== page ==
July 14, 2024

Integration remains unbeaten following Hill Prince romp

Intgration wins the Hill Prince S. (G2)
Integration wins the Hill Prince S. (G2) (Photo by Coglianese Photography / Credit to Chelsea Durand)

Integration further stamped himself as a potential leading player in the male turf division next season with an authoritative victory in the $250,000 Hill Prince (G2) at Aqueduct on Saturday.

Favored at 4-5 in a field of nine three-year-olds, Integration enjoyed a perfect trip in the nine-furlong, firm-course test. Rating in third behind 65-1 pacesetter Laurel Valley and the relatively inexperienced second choice Equitize, who failed to settle at times during the race, Integration pounced on both approaching the turn for home and then sped away while drifting out in the run to the wire. The winning margin was a decisive five lengths under Kendrick Carmouche.

“Those horses in front of me were going pretty well,” Carmouche said. “I was sitting on the rail at the beginning, and I angled him out to the three path where they couldn’t keep me in there. This horse did everything on his own. This is a monster.”

Integration covered the distance in 1:47.06, barely off the course record of 1:47 set by Slew the Dragon in 1985. He returned $3.60 to win.

I’m Very Busy finished second, one length ahead of Toofareastiswest. Freedom Trail, Faraday, Laurel Valley, Equitize, Classic Catch, and Quality Chic rounded out the order of finish.

Integration races for the partnership of West Point Thoroughbreds and Woodford Racing. Trainer Shug McGaughey had high praise for the son of Quality Road, who is now 3-for-3 following two earlier wins over the summer at Colonial Downs, including a score in the Sept. 9 Virginia Derby (G3) a mere four weeks after breaking his maiden in a belated debut.

“I think this was his best race,” McGaughey said. “The race at Colonial was really a good race and a good field β€” the horse that was second was a Grade 1 winner. To come back and do it here, I think it was a really good race.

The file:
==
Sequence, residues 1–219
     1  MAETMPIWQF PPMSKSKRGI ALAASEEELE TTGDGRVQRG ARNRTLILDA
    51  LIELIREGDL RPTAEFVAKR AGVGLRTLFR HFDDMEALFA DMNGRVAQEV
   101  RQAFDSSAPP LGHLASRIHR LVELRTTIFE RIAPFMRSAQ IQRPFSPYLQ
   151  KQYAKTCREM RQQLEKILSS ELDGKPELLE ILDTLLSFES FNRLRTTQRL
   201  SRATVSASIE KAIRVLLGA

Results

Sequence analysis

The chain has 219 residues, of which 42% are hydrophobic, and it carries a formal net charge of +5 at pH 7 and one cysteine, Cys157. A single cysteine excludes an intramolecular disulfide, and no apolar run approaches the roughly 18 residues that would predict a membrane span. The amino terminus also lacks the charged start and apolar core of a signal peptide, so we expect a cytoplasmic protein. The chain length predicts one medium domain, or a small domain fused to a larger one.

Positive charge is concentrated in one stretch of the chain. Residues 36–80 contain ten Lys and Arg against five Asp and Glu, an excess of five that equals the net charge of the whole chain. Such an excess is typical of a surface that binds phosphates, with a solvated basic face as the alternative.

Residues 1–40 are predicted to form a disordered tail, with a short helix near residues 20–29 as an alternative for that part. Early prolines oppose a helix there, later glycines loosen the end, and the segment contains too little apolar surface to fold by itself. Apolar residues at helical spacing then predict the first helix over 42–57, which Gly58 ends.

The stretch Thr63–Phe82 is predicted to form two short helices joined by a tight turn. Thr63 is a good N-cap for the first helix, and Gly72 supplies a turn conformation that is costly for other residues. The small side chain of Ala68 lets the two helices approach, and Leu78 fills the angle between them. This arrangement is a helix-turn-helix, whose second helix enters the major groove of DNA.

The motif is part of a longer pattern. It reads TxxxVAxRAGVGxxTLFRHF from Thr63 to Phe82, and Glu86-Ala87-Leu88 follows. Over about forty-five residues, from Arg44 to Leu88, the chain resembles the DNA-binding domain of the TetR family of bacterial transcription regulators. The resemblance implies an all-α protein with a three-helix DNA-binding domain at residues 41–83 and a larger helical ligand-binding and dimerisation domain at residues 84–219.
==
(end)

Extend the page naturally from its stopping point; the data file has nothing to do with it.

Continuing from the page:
“I always liked this horse. He just had little things and we had to stop β€” nothing major. He had a little splint and we have to back off of him.

“He’s going to go to Florida as soon as I can get him there,” added McGaughey, who confirmed the Pegasus World Cup Turf (G1) at Gulfstream in late January as a potential next start.

A $750,000 Fasig-Tipton Saratoga yearling purchase, Integration was bred by Larkin Armstrong in Kentucky. He was produced by Del Mar Oaks (G1) winner Harmonize, a daughter of Scat Daddy.

Later in the card, Nothing Better successfully defended his title in the $150,000 Aqueduct Turf Sprint Championship, leading throughout in the six-furlong test.

Under Dylan Davis, Nothing Better sped the first quarter in :21.90 and the first half in :44.38. He had more enough left in the tank, and sufficient class, to hold sage the 44-1 outsider Boat’s a Rockin by 1 3/4 lengths. Alogon was another length behind in third, with 1.55-1 favorite Our Shot fourth in the field of 11.

“He loves this track,” Duarte said. “We got lucky there was no rain this week and it was a firm turf course. He’s sharp. He likes the colder weather.”

Nothing Better covered six furlongs in 1:07.27, .47 seconds off his own course record, and returned $12.20. He is owned by Colts Neck Stable and trained by Jorge Duarte Jr.

A six-year-old gelded son of Munnings, Nothing Better was produced One True Love, a Duke of Marmalade halfistser to Grade 1 winner Folk Opera. The latter is the second dam of Hong Kong champion Romantic Warrior.